Baker Hughes Inc. sought to reassure investors on Monday by announcing a $2.5bn plan to buy back stock and pay down debt, using the breakup fee it will receive following the collapse of its long-stalled takeover by oilfield services provider Halliburton Inc.
Baker Hughes stated that proceeds from a $3.5bn breakup fee from Halliburton would fund its $1.5bn share buyback and repayment of $1bn of debt.
Baker Hughes also stated its plans to refinance it’s $2.5bn credit facility maturing in September 2016.
Separately, the company also announced a further 2,000 job cuts as part of its attempts to cut costs by $500m this year.
Oil giants Halliburton Co. and Baker Hughes Inc. terminated their $28bn merger deal amid regulatory pressures.
The companies had announced the deal in November 2014 to compete with no. 1 firm Schlumberger Ltd. The companies had set a deadline by end of April 2016, to either come up with an outcome or end the deal.
Baker Hughes would receive a termination fee of $3.5bn from Halliburton by 4 May 2016.
The U.S. Justice Department filed a lawsuit in early April to stop the merger, saying it threatened to eliminate head-to-head competition in 23 products and services used in oil exploration.
According to Baker Hughes Inc., the number of operational oil rigs in the United States declined to lows last observed in December 2009, a clear sign of the effect of plunging crude oil prices.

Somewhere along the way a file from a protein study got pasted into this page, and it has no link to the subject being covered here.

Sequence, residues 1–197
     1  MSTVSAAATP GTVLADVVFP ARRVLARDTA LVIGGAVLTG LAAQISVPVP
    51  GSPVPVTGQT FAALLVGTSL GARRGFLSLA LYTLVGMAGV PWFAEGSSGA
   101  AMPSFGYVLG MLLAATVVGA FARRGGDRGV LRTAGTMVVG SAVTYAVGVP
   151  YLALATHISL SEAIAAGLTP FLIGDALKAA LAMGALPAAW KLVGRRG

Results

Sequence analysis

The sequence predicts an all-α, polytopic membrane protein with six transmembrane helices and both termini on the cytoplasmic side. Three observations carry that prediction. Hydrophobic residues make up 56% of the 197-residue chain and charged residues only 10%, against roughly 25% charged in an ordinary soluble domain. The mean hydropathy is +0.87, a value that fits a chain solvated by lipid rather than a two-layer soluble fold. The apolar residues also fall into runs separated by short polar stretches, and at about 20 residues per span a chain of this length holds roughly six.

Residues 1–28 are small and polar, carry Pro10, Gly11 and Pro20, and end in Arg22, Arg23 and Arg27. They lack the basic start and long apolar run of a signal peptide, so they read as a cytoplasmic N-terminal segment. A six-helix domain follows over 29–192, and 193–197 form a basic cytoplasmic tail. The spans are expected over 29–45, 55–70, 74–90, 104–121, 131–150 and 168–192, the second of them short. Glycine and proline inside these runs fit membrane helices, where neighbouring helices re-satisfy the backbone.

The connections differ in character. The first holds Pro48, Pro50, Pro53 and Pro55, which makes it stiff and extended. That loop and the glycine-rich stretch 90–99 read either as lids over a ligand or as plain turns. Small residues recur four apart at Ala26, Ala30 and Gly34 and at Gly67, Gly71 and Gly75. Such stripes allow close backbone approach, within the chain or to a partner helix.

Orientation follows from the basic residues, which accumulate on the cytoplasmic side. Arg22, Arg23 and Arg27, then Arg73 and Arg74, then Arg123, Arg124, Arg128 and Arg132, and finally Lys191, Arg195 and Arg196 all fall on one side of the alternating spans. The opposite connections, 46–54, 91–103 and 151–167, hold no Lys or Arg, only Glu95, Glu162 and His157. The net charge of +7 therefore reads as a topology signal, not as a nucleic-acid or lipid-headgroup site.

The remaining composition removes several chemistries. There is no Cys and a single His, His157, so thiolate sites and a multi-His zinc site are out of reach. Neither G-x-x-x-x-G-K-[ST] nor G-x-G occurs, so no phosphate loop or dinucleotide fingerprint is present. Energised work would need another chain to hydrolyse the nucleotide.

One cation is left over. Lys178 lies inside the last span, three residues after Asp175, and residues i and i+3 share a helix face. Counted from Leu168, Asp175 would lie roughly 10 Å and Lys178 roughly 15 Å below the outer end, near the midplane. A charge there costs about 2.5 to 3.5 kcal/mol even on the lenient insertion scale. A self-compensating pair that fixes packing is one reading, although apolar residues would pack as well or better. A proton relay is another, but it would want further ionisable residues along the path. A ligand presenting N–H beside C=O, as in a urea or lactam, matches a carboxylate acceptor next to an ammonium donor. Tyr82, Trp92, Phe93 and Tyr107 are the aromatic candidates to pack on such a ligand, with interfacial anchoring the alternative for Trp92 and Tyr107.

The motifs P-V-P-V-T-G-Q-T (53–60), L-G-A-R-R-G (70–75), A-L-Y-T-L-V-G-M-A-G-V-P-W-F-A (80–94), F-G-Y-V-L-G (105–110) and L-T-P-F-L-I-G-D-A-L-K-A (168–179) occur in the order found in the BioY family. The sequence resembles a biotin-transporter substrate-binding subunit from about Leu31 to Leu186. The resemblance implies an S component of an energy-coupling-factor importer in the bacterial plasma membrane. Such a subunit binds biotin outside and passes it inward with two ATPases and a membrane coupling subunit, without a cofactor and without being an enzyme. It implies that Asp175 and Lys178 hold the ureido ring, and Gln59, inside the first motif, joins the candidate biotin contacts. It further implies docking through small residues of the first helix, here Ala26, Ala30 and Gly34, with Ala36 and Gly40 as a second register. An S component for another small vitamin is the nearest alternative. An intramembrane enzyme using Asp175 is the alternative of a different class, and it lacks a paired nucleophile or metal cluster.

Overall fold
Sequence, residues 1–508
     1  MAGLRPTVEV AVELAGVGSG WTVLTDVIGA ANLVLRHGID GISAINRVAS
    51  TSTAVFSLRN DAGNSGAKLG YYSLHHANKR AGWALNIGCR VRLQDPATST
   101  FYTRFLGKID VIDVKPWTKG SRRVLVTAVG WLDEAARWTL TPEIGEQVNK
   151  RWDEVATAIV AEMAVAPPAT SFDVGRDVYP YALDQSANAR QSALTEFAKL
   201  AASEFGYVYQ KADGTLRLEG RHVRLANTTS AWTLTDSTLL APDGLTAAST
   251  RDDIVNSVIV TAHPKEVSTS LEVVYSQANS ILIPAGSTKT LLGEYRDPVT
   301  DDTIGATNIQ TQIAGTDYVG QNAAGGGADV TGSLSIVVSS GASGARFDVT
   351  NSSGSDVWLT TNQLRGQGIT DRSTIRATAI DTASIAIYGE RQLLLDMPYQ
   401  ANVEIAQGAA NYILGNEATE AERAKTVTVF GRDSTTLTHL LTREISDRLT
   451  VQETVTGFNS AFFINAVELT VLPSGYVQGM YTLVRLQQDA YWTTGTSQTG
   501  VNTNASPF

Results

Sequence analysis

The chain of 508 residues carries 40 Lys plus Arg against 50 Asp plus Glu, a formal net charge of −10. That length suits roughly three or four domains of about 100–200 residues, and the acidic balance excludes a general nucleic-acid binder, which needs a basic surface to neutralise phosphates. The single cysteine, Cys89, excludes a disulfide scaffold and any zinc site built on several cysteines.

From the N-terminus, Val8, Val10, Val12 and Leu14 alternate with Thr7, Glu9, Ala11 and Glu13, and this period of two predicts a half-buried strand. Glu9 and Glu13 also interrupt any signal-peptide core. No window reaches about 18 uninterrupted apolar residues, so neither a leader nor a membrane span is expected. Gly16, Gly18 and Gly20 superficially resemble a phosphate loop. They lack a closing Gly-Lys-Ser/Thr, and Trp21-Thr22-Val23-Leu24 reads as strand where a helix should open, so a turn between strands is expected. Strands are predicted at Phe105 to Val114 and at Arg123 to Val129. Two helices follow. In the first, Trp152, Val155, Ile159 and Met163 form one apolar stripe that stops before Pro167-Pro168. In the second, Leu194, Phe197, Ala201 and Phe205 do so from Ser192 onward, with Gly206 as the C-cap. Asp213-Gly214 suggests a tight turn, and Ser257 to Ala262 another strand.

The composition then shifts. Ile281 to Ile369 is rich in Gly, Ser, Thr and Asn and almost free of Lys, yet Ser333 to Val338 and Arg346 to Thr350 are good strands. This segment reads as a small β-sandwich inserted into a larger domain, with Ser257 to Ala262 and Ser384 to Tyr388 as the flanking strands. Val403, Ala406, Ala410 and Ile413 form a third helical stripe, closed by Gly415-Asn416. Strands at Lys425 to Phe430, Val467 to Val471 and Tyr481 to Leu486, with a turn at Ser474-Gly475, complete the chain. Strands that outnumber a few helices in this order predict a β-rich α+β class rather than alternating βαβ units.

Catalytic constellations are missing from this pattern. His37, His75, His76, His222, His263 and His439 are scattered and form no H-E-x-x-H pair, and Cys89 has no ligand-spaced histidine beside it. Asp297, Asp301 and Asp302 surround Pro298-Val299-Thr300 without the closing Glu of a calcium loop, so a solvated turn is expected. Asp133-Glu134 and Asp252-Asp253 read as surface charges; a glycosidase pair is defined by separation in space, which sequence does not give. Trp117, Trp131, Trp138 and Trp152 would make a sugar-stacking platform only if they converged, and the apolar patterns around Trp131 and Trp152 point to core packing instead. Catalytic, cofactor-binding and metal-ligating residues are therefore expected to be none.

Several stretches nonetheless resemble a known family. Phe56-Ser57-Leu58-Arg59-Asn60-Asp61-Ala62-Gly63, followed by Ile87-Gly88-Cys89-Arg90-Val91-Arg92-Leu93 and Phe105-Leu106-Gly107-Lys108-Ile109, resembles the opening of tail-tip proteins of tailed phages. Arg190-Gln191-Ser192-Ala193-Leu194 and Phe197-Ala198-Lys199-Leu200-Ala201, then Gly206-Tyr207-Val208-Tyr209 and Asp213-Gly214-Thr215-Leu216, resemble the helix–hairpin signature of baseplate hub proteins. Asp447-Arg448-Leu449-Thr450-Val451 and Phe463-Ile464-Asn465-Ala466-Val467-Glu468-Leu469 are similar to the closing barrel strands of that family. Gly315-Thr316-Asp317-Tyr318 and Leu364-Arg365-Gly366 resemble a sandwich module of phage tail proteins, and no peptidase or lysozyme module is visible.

For the week ending 19 February 2016, operators shut 26 rigs, bringing the total count to 413. Total number of operational rigs during the same period in the U.S. was 514, comprising of 413 oil rigs and 101 gas exploration rigs.
There was some optimism in the market based on the meeting of OPEC members Saudi Arabia, Qatar and Venezuela and non-OPEC member Russia that planned to curtail production to January 2016 production levels. The supply cut would help prop-up crude oil prices to around $50 by June 2016.
Market analysts forecast the rig count to decline in the coming months and then rise in line with rising crude oil prices.
U.S. shale gas producers have hedged 2017 crude oil prices in the futures market at around $45 a barrel, anticipating a price recovery in prices.
Source: Reuters, Marinelink